When I first set foot upon the metro, I fell in love with Paris despite the opinions heard from several people. The sun was out, the crowds abated, and I was happy to be somewhere I’ve never been. The simplicity of getting around felt like going back to grade 1 and schooling any test they’d given you. (“A-P-P-L-E!”)
We met up with friends on the patio of a cafe in the middle of December and ordered the most expensive coffee after that douzy I purchased in Rome. In Calgary, that is nigh impossible in the winter unless a chinook (warm wind from the west) blows in and merchants can put out chairs for a total of 3 hours. Afterward, we went back to the apartment we were all staying in – a cluttered bohemian flat dressed in books and knick knacks wearing dust, definitely worthy of the word ‘quaint.’
Our first schlep out was straight to the Jewish quarter for falafel… every single falafel shop boasting the “Best Falafel/Shawarma House! Kosher! We Promise!” and the lineups to prove it. Narrow streets with uneven stones guided us to expensive secondhand shops next to designer boutiques and patisseries tempting us with cleverly displayed sweets and pastries you wouldn’t dare ruin by eating.
You can only schlep for so long, however, until you need a refresher. Little round tables graced every corner, reminding me of Spain and their conglomerous shops selling everything: coffee, beer, wine, snacks, lunch. No actual pubs. But as long as they met our needs we were fine to dine.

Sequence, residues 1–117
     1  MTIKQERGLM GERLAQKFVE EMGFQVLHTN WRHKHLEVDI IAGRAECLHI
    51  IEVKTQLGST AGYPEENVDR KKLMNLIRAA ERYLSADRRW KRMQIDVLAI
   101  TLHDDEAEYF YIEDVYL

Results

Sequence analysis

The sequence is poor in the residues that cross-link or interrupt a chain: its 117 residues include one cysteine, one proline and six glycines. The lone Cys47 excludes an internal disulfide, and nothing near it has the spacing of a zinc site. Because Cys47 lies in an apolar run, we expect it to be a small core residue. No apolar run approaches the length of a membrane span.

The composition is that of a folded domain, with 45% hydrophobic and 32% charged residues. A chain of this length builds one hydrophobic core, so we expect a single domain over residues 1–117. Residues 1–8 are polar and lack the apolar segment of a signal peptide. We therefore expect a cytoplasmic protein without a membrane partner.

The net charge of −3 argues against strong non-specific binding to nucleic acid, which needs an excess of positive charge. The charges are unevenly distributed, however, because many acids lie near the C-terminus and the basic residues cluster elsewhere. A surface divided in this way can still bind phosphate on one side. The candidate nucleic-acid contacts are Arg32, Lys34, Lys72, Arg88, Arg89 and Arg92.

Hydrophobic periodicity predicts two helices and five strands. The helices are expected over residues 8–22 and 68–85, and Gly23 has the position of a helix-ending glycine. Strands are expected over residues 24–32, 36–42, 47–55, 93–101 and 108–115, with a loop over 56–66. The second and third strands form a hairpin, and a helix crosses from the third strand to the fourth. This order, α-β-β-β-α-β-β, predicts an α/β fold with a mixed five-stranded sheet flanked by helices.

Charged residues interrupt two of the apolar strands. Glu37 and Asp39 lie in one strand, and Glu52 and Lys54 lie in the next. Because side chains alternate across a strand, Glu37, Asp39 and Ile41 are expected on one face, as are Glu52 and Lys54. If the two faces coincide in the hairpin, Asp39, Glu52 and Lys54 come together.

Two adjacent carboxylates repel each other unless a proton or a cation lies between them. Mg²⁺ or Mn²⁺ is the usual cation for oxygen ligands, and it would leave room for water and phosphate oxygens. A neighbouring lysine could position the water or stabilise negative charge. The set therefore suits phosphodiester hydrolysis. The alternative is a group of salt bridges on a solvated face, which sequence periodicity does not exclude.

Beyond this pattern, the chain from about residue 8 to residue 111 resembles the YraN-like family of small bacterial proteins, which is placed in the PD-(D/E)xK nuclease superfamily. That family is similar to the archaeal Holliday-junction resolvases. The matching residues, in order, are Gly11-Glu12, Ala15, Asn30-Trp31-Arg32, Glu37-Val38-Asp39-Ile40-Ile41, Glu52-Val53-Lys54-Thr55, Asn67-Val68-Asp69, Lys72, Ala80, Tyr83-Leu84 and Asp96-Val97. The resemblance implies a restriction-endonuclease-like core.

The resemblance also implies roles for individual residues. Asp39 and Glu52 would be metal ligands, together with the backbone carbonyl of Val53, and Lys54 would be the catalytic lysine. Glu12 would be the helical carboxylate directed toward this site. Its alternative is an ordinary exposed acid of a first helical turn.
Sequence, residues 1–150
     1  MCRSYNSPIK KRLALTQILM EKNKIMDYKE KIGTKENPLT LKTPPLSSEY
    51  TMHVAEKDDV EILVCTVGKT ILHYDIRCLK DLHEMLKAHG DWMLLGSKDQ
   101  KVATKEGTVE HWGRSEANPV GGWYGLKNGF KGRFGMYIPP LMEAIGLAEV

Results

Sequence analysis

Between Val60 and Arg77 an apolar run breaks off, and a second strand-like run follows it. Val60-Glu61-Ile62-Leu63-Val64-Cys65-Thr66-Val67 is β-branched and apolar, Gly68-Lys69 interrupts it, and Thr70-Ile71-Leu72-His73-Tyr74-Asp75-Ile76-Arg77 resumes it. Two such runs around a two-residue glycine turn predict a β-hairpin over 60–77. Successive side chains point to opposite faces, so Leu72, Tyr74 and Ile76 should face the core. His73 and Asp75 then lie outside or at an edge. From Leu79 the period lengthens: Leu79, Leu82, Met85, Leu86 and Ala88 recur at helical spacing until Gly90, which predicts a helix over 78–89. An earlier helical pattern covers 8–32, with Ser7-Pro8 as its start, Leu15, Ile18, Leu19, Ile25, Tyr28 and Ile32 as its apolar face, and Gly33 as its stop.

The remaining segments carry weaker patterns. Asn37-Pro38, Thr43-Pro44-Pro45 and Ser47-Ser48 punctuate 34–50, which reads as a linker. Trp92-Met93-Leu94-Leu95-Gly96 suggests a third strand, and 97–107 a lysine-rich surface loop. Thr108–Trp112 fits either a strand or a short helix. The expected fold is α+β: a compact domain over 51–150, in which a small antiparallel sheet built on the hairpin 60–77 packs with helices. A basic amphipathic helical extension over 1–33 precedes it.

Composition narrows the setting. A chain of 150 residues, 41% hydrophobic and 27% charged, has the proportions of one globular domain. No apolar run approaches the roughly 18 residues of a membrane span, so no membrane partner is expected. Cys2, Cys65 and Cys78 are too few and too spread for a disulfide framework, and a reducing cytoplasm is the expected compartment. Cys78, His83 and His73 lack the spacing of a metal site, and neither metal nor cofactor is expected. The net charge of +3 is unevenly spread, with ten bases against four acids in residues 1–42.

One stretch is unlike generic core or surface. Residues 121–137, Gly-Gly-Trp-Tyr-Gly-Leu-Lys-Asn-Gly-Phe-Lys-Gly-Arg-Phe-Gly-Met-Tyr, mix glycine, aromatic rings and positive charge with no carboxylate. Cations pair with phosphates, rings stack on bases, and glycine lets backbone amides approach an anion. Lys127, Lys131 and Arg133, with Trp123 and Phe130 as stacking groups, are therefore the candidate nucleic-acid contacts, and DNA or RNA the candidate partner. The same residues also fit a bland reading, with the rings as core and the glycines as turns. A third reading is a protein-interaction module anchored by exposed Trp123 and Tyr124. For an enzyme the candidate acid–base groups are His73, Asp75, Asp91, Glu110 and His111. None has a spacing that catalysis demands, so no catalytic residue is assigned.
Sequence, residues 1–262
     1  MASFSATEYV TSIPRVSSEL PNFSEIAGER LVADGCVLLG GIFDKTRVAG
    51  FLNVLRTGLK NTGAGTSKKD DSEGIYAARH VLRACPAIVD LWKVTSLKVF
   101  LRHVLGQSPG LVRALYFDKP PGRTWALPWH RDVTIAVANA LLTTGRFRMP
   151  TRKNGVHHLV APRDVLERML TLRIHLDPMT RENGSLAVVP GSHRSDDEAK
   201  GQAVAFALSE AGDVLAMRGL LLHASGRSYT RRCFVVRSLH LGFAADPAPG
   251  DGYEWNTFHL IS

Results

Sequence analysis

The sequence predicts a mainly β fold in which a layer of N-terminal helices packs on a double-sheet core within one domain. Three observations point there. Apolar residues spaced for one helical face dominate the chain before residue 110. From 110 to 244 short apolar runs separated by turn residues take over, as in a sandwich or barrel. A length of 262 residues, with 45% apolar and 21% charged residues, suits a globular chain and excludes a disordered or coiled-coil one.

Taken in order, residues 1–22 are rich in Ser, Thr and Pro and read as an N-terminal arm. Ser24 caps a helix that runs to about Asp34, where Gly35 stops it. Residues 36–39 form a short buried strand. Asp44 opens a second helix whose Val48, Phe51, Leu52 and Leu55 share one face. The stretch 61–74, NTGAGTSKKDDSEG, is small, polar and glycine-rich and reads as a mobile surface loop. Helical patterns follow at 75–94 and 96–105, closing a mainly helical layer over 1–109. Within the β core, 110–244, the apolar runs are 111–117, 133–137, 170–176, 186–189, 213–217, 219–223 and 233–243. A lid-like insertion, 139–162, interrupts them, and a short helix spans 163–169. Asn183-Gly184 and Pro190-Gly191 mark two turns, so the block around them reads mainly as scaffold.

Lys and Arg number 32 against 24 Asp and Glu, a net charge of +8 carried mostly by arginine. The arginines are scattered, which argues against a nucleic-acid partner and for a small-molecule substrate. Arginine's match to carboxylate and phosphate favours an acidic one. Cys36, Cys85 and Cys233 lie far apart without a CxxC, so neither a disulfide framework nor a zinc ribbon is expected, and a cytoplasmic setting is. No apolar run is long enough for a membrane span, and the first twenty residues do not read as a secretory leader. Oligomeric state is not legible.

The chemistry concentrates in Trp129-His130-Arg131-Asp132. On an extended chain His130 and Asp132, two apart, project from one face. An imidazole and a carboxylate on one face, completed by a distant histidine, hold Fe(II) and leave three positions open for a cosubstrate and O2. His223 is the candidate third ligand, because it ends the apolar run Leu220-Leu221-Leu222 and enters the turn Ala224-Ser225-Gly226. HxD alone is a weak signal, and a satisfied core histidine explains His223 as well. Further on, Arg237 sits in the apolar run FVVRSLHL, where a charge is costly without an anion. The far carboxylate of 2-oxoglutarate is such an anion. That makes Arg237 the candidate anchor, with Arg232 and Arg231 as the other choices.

Since Belgium is nestled next to France and is more Frenchish than Germany, Paris carried several of Belgium’s main export brews. Of course, they carried their own wine because they’re France and they’ll do what they want. The likes of Leffe, Affilgum, and Duvel were available and everywhere, making it a notch better than Spain for beer variety (unless you go to specific German pubs around Spain, then you’re saved).
Good quality French wine is definitely less expensive in its own country, particularly bordeaux, and shame on me I didn’t bring any back since looking at the prices of the most exquisite bottles at Willow Park Wine and Spirit back home was gobstopping. So, I uh, didn’t buy any.
What I didn’t also buy was a metro ticket to Bastille, that fun area of Paris with a slough (slew? slue? Seriously, there’s a hundred ways to spell that word) of bars and cafes and restaurants, begging us to come inside and party. I couldn’t possibly remember the order, but over the course of the evening we ate at some restaurant, went to La Mecanique, Le Motel, and probably somewhere else. Definitely one of my favourite evenings. The next night was grand too, as our friends played a gig at Le Motel, much to the delight of the patrons.
Two days is far too short to stay in Paris… I didn’t even see the Eiffel Tower believe it or not, but the people I was with and the things I did lieu of it were just as exciting. A payback visit will be necessary. Oh wait, that’ll be possible since booking a flight back to London beginning of May!
I apologise for the shamefully few updates I provide you with, all 2 of my readers. Really it’s an exercise for me so I can actually reflect back on my life and say “I drank that in this place.”